# 2N Fermions $\stackrel{?}{=}$ N Bosons

We know that we do have composite particles (for example Atoms) made of fermions or bosons or mixture of them with fermionic or bosonic statistics. So why can't a gas of $2N$ fermions become a gas of $N$ bosons and condense to the lowest state at low temperature (just like what happens in superfluidity and superconductivity)?

• – Ben Crowell Oct 10 '13 at 14:35

• @richard: Deborah Jin's experiment required temperatures of $10^{-8}$K, and even then it took the assistance of a magnetic field to increase the pairing energy. The error in your stat mech calculations by ignoring the process is pretty small :-) – John Rennie Oct 10 '13 at 6:55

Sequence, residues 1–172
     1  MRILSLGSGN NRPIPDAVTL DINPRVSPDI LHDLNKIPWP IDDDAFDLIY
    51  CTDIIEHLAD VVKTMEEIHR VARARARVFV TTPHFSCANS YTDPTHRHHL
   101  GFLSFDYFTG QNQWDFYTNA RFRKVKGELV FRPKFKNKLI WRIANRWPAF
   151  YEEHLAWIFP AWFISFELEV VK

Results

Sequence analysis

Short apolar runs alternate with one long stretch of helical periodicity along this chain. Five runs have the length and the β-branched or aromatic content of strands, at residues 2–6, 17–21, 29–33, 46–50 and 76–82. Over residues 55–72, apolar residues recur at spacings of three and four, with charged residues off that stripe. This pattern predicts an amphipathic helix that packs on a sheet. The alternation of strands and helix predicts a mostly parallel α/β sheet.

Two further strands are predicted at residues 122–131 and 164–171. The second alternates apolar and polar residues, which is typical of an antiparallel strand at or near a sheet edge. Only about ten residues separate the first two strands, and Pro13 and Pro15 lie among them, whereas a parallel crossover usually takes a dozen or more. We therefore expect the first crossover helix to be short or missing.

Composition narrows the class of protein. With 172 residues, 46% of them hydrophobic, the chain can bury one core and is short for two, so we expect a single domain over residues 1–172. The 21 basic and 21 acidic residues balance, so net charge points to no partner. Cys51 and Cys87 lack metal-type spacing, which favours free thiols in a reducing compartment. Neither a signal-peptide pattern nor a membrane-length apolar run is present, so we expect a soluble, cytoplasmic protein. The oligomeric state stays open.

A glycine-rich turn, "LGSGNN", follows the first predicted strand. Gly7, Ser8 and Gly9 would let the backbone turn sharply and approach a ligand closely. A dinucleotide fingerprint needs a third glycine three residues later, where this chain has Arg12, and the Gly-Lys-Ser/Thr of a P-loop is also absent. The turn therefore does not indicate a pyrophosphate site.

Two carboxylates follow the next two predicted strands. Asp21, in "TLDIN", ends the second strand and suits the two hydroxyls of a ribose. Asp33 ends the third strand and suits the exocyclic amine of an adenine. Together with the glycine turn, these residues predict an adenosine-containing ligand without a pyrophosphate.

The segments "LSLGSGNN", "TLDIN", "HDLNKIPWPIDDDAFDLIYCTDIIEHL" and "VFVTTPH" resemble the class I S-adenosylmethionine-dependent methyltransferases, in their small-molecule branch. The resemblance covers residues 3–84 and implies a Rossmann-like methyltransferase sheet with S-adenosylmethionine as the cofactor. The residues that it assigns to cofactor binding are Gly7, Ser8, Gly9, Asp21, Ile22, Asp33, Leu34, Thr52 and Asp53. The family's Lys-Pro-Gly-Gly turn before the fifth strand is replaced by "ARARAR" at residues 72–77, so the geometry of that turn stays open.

• If the attractive interaction between the fermion is strong enough, there might be a bound-state, and the fermions form a bosonic molecule. These molecules can then Bose-Einstein condense. One can continuously go from the BCS regime (loosely bound Cooper pair) to the BEC regime (strongly bound molecules), this is the BCS-BEC cross-over. If the interaction is strictly repulsive, the system stays a Fermi liquid down to $T=0$. – Adam Oct 10 '13 at 13:29